A New Approach to Treatment of Filariasis: Endobacterial Targeting
Abstract & Commentary
Synopsis: In a strategy termed endobacterial targeting, treatment of patients with onchocerciasis with doxycycline sterilized the nematode as a result of inhibition of its endosymbiont rickettsial organism, Wolbachia.
Source: Hoerauf A, et al. Endosymbiotic bacteria in worms as targets for a novel chemotherapy in filariasis. Lancet 2000; 355:1242-1243.
Hoerauf and colleagues in germany randomized Ghanian patients with onchocerciasis to receive either no treatment or doxycycline 100 mg daily for six weeks under daily supervision. Four months post-treatment, onchocercal nodules were excised and examined in a masked fashion. When compared to the nontreatment group, administration of doxycycline was associated with a marked reduction of the number of parasites containing the endosymbiont rickettsia, Wolbachia. Furthermore, in all those containing Wolbachia, their number was also markedly reduced. And, embryogenesis in female worms was uncommon, being found in only nine of 112, compared to 65 of 106 control nematodes (P < 0.0001).
Comment by Stan Deresinski, MD, FACP
Infective third-stage larvae of Onchocerca volvulus are transmitted by the bite of a black fly, developing into the adult stage within subcutaneous nodules of the infected host. The adults may survive for as long as 15 years and the females may produce in excess of 200 microfilariae daily; these, in turn, may each survive for up to two years, during which they migrate and may cause dermatitis, lymphadenopathy, punctate keratitis, chorioretinitis, and other ocular manifestations.
Ivermectin administration is the treatment of choice, but this drug does not effectively kill the long-living adult form of the parasite. Thus, microfilariae reappear several months after treatment with ivermectin as a result of a new cycle of reproduction in the surviving adult worms.
Wolbachia can be detected as endosymbionts in most filarial species, as well as in many arthropods, including up to 20% of insect species.1 They are found, within vacuoles, in all developmental stages of affected filaria and are often present in large numbers in adult worms. Female nematodes are more heavily parasitized than males. In the female, the organisms are present in the reproductive tissues, suggesting vertical transmission via ova cytoplasm.
Members of the Rickettsiacea, Wolbachia are endosymbionts of arthropods, including up to 20% of insect species, as well as nematodes. In the latter, Wolbachia appear to be essential for nematode fertility. Studies of animal filariasis have demonstrated that treatment with tetracycline resulted in degeneration and sterility of adult worms.2,3 The ability to suppress normal embryonic development during the oocyte/morula stages makes this approach of "endobacterial targeting" a potentially effective therapy that may complement or replace the use of ivermectin, a drug that largely leaves the long-living adult form intact. This treatment may also be promising in lymphatic filarial infections.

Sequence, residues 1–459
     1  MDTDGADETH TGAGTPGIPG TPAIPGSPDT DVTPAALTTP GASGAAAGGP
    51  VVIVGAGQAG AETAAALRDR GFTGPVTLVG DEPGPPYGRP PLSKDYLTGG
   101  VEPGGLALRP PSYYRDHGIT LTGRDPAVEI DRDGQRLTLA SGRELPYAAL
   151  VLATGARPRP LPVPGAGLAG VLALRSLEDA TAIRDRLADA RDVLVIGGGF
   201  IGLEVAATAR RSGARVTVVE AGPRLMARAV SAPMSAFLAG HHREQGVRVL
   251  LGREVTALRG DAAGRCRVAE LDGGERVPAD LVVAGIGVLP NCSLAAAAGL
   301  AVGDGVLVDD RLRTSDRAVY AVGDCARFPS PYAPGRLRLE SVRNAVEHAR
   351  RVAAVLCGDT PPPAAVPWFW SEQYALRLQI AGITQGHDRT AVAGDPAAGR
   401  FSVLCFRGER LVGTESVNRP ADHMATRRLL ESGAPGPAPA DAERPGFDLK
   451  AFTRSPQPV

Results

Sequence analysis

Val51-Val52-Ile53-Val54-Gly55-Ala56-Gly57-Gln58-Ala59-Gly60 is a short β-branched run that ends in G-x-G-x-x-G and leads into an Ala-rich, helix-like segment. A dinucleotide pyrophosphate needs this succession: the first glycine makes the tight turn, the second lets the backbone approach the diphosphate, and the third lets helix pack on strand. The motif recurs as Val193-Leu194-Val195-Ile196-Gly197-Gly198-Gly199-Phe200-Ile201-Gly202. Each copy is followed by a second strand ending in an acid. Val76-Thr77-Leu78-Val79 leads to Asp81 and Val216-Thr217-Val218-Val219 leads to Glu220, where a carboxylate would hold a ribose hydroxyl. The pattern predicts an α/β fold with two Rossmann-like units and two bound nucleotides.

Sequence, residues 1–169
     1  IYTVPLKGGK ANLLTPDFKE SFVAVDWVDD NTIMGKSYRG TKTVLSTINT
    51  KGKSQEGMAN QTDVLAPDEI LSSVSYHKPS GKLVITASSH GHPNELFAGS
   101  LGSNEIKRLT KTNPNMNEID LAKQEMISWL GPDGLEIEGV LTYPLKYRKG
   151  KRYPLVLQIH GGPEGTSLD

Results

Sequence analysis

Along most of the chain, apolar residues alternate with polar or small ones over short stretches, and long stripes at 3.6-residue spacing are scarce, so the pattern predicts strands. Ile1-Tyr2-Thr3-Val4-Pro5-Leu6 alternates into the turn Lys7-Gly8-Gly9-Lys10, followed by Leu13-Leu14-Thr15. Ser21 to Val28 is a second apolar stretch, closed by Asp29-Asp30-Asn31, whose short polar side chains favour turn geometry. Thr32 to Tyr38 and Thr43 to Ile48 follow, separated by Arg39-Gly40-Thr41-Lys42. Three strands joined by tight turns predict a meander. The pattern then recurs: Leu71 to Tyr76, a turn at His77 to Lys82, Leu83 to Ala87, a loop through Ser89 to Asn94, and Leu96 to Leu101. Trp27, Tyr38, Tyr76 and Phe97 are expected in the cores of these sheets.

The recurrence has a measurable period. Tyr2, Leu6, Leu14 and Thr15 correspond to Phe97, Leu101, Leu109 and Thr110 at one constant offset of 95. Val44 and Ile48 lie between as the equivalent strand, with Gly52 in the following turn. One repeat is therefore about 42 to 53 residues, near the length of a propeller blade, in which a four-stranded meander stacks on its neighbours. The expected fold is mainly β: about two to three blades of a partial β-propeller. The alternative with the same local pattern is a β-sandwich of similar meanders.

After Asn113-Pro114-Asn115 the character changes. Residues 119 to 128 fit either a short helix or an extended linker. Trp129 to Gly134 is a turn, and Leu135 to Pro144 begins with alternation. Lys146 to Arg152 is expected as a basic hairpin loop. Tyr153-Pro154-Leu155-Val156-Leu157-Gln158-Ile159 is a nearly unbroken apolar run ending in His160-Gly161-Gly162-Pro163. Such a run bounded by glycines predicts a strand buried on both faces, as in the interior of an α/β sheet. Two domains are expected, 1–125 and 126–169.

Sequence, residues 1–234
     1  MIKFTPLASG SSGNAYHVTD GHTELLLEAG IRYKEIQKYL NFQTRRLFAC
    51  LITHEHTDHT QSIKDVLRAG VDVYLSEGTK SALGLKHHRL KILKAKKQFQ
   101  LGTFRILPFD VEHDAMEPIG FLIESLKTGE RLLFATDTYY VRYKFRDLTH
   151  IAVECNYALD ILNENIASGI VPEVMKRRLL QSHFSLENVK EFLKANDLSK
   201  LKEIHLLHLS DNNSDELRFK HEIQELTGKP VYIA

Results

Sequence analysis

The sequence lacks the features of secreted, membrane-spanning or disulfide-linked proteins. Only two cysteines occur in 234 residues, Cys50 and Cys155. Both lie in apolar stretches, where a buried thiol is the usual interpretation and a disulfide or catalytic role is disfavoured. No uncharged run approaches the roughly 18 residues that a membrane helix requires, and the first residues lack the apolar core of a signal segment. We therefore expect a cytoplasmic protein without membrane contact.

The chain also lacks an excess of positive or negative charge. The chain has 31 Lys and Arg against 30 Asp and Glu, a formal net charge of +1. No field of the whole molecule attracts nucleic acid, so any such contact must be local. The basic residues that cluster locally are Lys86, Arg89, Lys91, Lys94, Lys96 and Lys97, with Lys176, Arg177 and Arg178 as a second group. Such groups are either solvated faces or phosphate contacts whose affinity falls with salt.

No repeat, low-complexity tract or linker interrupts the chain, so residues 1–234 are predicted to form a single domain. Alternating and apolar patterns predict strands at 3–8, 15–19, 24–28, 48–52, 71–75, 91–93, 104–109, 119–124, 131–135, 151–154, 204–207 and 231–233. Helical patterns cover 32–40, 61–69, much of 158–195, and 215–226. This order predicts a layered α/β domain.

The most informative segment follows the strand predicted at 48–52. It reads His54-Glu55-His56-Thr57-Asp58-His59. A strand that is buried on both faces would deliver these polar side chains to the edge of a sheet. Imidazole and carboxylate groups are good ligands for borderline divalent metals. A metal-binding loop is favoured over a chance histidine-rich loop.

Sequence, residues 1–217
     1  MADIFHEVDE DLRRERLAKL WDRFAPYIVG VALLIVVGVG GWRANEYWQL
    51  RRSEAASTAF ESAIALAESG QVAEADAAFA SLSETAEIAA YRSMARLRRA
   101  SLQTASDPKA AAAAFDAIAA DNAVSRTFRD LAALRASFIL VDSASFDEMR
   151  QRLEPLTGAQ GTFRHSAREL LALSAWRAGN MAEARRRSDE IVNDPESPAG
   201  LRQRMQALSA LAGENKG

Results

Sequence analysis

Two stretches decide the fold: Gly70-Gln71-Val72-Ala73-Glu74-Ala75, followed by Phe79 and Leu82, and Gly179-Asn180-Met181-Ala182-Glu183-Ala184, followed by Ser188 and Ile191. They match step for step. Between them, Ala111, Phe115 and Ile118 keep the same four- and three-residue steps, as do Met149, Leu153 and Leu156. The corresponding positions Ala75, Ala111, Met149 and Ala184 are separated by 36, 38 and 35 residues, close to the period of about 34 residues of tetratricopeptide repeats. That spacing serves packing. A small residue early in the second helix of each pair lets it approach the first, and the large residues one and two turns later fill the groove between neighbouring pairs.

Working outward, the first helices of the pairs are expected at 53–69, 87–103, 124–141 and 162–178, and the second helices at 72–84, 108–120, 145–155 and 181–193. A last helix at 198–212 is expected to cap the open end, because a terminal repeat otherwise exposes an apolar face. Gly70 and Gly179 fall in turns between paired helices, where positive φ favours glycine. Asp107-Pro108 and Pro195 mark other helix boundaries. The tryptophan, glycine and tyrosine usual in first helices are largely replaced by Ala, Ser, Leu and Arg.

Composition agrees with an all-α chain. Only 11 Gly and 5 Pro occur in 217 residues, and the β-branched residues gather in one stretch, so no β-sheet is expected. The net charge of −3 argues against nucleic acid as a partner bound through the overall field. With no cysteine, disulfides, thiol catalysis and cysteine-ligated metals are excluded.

This approach may have additional benefits. Microfilariae appear to avoid eliciting a host response—until they die. Treatment, in fact, can be associated with a severe systemic inflammatory response. Fortunately, such reactions in response to successful treatment occur less frequently and less intensely after ivermectin therapy than after treatment with diethylcarbamazine, which is no longer recommended in this infection. This systemic reaction after administration of "adulticidal" agents is seen with treatment of other filarial infections as well and has been thought to be the result of a response to the release of proinflammatory products from the dying nematode. However, recent data suggest an alternative explanation—the lipopolysaccharide of Wolbachia may instead be the factor eliciting this response, as well as the inflammatory response in lymph nodes.4 It is thus theoretically possible that eliminating the Wolbachia and its lipopolysaccharide production may prevent the occurrence of inflammatory reactions.
1. Bandi C, et al. Phylogeny of Wolbachia in filarial nematodes. Proc R Soc Lond B Biol Sci 1998; 265:2407-2413.
2. Hoerauf A, et al. Tetracycline therapy targets intracellular bacteria in the filarial nematode Litomosoides sigmodontis and results in filarial infertility. J Clin Invest 1999;103:11-18.
3. Taylor MJ, Hoerauf A. Wolbachia bacteria of filarial nematodes. Parasitol Today 1999;15:437-442.
4. Taylor MJ, et al. Inflammatory responses induced by the filarial nematode Brugia malayi are mediated by lipopolysaccharide-like activity from endosymbiotic Wolbachia bacteria. J Exp Med 2000;191:1429-1436.
Which of the following is correct?
a. Ivermectin efficiently kills the adult forms of Onchocerca volvulus.
b. Wolbachia are rickettsia that produce lipopolysaccharide.
c. Onchocerciasis is transmitted by mosquito bites.
d. Diethylcarbamazine is the treatment of choice for onchocerciasis.